You can’t be in Los Angeles very long before you bump into the iconic image of Our Lady of Guadalupe. Or at least, that’s the way it used to be.
The stretch of Pasadena Freeway Highway 110 that I travel frequently between Pasadena and Los Angeles was for years home to a particularly large and garish mural painted on the side of a building along a frontage road, with only a raw chain link fence separating God’s Mother and the merciless humanity that flowed by each day.
When I decided to write this article for The Catholic Gene on Our Lady of Guadalupe in Los Angeles, I thought I would have no problem locating the freeway virgin and several other popular renditions. Alas, times change. Freeway improvements and a new sound wall now obscure sections of neighborhood streets.
I’ve lost Our Lady somewhere between Highland Park and Dodger Stadium.
Angelenos’ affection for Our Lady of Guadalupe is one of the oldest traditions in our rather recent history, with roots in the desert near Mexico City.
On his way to Mass on December 9, 1531, an Indian peasant named Juan Diego was passing near Tepeyac when he heard music and saw a vision of a beautiful young woman. She spoke to him in his own language, identifying herself as the Virgin Mary, and expressed her wish that a shrine be built at the place she appeared. She told Juan Diego to go to the Bishop in Mexico City and share the story of the vision and her wishes for a chapel.
Juan Diego was unable to persuade the Bishop of the truth of his story, and returned to the hill where he saw the Virgin a second time. She told him to return to the Bishop, who then asked Juan Diego to bring him a sign from the Lady.
Then, life intervened. Juan Diego’s uncle became seriously ill and Juan Diego was unable returned to Tepeyac until December 12. What he saw must have been truly astounding. The lady waited for him and assured him that his uncle would recover. When she heard the Bishop’s request for a sign, she directed Juan Diego to the summit of the hill where he found a wealth of fresh flowers in an area where they had never been known to grow. He gathered the blooms in his cloak and carried the bundle to the Bishop.
But, when Juan Diego opened his cloak to show the Bishop the flowers sent as a sign from the lady, the surprise was not the blossoms as much the colored image of the Virgin depicted exactly as Juan Diego had described her.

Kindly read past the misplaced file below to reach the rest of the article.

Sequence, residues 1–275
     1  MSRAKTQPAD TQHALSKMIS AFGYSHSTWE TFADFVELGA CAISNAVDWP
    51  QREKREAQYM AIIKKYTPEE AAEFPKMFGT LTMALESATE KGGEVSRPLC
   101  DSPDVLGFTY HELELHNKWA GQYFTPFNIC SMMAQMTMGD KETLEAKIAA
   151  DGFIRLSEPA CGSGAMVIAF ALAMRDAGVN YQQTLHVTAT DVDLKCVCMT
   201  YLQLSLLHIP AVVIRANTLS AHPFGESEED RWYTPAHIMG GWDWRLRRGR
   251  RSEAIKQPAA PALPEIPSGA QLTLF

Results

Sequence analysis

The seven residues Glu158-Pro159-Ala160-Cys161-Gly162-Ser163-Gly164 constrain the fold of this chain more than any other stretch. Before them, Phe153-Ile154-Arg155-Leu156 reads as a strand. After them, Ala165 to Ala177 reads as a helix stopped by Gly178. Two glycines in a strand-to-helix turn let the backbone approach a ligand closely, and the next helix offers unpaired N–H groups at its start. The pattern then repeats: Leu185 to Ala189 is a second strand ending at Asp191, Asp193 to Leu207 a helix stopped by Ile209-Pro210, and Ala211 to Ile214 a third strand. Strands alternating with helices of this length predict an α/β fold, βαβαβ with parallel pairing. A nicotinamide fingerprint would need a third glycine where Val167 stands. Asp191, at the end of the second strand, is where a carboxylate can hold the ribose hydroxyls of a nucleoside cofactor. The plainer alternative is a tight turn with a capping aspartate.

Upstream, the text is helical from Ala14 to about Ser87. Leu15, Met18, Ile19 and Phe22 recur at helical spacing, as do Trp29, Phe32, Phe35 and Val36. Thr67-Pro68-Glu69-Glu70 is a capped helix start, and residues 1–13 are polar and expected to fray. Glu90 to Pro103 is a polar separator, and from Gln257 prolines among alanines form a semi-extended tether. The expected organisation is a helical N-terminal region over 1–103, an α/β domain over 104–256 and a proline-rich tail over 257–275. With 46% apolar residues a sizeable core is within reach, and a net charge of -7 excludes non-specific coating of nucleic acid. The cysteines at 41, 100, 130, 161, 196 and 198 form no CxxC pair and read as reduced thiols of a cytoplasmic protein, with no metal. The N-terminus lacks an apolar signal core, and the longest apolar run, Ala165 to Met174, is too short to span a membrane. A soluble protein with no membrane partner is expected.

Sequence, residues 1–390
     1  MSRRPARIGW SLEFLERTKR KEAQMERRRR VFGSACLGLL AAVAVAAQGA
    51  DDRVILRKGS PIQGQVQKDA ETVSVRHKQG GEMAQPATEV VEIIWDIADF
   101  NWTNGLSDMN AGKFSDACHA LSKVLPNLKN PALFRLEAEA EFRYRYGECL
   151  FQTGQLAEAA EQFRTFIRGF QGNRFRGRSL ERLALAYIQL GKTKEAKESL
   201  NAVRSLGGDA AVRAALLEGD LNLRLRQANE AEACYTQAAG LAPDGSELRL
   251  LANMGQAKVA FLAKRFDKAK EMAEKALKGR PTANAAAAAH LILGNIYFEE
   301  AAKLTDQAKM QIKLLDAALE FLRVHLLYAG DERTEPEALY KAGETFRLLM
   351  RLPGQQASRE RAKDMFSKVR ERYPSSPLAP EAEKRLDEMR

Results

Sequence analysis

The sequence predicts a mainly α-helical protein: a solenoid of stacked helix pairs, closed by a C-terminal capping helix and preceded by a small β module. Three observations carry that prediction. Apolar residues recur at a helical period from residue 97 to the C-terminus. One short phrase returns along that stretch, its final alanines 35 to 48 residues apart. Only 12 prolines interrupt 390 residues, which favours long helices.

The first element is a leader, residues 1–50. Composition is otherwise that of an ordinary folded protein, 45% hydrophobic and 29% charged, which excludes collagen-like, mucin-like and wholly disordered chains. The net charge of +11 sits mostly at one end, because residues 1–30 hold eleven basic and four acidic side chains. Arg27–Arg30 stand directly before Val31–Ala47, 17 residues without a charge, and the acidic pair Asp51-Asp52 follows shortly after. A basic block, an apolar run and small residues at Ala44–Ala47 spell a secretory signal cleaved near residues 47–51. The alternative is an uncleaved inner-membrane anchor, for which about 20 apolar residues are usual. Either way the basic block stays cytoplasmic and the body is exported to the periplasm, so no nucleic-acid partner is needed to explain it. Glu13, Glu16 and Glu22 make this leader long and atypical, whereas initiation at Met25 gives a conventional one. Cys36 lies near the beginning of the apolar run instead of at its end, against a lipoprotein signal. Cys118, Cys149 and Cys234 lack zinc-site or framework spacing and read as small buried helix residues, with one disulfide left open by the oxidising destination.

The image itself bore a striking resemblance to an Indian woman, not a European or Spaniard, with symbolism that would have been familiar to 16th century Aztecs. Blue referenced divinity and the gods; the rays of the sun emanating from her figure indicate her superiority to the great sun god; she stands on the moon, and hence the moon god. Her rose-covered dress would have been worn by an Aztec princess.
By appearing to Juan Diego, an Indian convert to Catholicism, Our Lady of Guadalupe became the rally-cry and devotion for millions of native people ready to turn away from the cruel Aztec religion to a loving and accepting deity. Her insistence that an Indian convert should act as her messenger sent a powerful message to the disenfranchised natives of Mexico.
Our Lady of Guadalupe continues to inspire devotion throughout the world, especially in the Americas. The image is now displayed behind the altar at La Basilica de la Nuestra Señora de Guadalupe in what is now La Villa, Mexico City.
Closer to home, at least to me in Pasadena, California, Our Lady of Guadalupe is everywhere. Not surprisingly, she is the patron saint of “little businesses” and often found adorning corner markets in the barrio. Her image on bumper stickers guards the family car, on skin speaks of commitment, and in front-lawn shrines shares devotion.
Our Lady is the friend of the underdog, the alienated, and according to an article by Judith Dupre, this modern Virgin Mary has become the symbol of gangsters, pro-lifers, and artists.
Last Sunday after Mass I recruited my husband to join me on a pilgrimage of sorts – to see if we could find those neighborhood icons of Our Lady of Guadalupe that keep flashing through my memory.
I said a prayer in the Our Lady of Guadalupe chapel in our church, St. Andrew in Old Pasadena, and we headed out on our quest. We had no luck along the freeway frontage roads. We cruised Hispanic neighborhoods without success. But after a burger-break in nearby Eagle Rock, Our Lady smiled.
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